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The Scarlet Cross by Lyn McFarlane

Title: The Scarlet Cross

A dark sky above a hospital under white text that reads The Scarlet Cross. Lyn McFarlane is in red text. The tagline reads who is marking St Jude's patients for death?

Author: Lyn McFarlane

Genre: Crime

Publisher: Pantera Press

Published: 29th March 2022

Format: Paperback

Pages: 360

Price: $29.99

Synopsis: Meredith Griffin manages the emergency department at St Jude Hospital. A specialist in
psychiatric nursing, she’s also an expert at hiding her own problems – and solving everyone
else’s.

When women with the same fatal injury begin turning up in Meredith’s emergency ward, their deaths are labelled as suicides. But Meredith isn’t so sure. With the help of Detective
Leo Donnelly, she begins an investigation to prove that the women were murdered.

As pressure mounts from all quarters to stop her, questions arise about why the women were targeted – and why the hospital is so desperate to cover things up.

In a battle against addiction, self-doubt and a corrupt institution that may be hiding a serial killer, Meredith finds herself in the crosshairs of a network of powerful people – all of whom
will stop at nothing to protect their privilege and keep her from the truth.

An atmospheric and intelligent crime thriller set in a hospital where nothing is as it seems.

~*~

Women are dying in St Jude’s, and they all have the same Latin Cross as the fatal injury, and only Meredith Griffin, who works in the emergency department, notices. The deaths are ruled as suicides, but Meredith, and detective Leo Donnelly, think there might be more to the deaths. The subsequent investigation leads them down a dark road, that implicates the Catholic Church and forces many to examine their beliefs and jobs at the hospital, where they’re beholden to certain rules. The privilege of those running the hospital puts Meredith and those close to her in jeopardy – but can Meredith find out what is really going on before the case hits too close to home?

The Scarlet Cross is an exhilarating and intriguing mystery, where clues are drip fed throughout the novel, amidst the revelations of the flaws and addictions of the characters, illustrating how different people cope with neurodiversity and mental health within the same family, as illustrated by Bella and Meredith, two sisters, whose family history comes out as well through their interactions, building a deep understanding of the characters and their motivations and what has formed them over the years to get them to where they are in the novel.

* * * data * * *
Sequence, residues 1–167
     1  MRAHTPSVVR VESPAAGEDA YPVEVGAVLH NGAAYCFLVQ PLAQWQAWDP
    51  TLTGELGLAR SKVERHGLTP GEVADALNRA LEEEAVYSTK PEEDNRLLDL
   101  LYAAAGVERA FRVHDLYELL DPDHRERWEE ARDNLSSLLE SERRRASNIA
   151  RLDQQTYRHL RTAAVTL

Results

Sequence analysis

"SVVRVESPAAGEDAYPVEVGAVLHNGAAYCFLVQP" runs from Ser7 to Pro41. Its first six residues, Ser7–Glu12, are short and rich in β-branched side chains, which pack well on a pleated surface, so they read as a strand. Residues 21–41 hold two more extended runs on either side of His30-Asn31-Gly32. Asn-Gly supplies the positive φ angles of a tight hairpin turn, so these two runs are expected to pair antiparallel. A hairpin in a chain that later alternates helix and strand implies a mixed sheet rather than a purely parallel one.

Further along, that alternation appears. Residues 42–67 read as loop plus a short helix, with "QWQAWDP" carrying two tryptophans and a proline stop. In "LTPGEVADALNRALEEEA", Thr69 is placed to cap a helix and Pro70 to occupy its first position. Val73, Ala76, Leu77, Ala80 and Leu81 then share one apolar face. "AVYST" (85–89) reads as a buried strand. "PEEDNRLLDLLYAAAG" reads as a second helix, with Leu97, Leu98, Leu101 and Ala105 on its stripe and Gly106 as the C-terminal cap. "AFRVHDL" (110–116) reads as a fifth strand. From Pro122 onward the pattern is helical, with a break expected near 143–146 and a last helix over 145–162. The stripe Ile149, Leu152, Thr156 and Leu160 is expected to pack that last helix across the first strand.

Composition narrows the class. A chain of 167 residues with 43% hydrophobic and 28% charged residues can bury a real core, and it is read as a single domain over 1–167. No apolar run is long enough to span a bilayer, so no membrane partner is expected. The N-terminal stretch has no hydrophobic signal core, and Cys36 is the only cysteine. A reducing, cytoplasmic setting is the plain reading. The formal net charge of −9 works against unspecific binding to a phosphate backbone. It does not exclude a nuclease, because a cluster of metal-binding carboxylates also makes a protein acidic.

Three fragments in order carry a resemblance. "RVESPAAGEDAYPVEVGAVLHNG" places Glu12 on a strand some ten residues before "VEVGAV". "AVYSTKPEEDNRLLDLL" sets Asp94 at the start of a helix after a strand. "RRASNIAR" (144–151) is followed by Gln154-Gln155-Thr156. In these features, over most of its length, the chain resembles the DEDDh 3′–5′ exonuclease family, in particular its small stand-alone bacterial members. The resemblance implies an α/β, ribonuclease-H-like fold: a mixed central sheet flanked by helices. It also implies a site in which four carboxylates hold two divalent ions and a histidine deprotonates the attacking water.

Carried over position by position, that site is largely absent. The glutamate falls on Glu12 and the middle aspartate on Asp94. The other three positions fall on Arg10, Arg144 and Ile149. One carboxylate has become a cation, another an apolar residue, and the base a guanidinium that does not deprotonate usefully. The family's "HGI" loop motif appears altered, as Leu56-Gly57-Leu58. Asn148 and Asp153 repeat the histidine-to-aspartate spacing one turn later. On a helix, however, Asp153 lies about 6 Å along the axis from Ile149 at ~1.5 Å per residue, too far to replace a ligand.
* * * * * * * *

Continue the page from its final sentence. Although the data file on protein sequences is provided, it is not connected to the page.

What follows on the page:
The clever crafting of the mystery ensures that clues are presented at the right time, and that everyone has their place, as we find suspects, and work out who is who, and what their agenda is – and how they utilise their power and influence to ensure something is kept secret – something that is haunting people and a mystery that has been building for  a while, with links that are surprising and when presented as a serial killer case, make sense within the context of what the killer is trying to do and say.

I found this book a clever take on the mystery genre, where someone other than the detective is investigating, and the subtlety of finding out who did it, and presenting us with the clues worked well when it came to revealing who was really behind it all, and why, and the sinister people who may have been tangentially involved, or not, but still had to deal with the fallout and consequences of what they supported and tried to do. It was cleverly down to make us as the reader think about who we can trust in the story, and why we suspect certain people, and how we react to the issues presented in the book that Meredith has to deal with throughout the story.

I think this story is clever and intricate, especially as we reach the final chapters, where it feels as though everything starts to happen at once as the truth is uncovered, and it is one that I had to sit and finish before I could do anything else. A great book for crime fiction fans.

hen it came to revealing who was really behind it all, and why, and the sinister people who may have been tangentially involved, or not, but still had to deal with the fallout and consequences of what they supported and tried to do. It was cleverly down to make us as the reader think about who we can trust in the story, and why we suspect certain people, and how we react to the issues presented in the book that Meredith has to deal with throughout the story.

I think this story is clever and intricate, especially as we reach the final chapters, where it feels as though everything starts to happen at once as the truth is uncovered, and it is one that I had to sit and finish before I could do anything else. A great book for crime fiction fans.

3 thoughts on “The Scarlet Cross by Lyn McFarlane”

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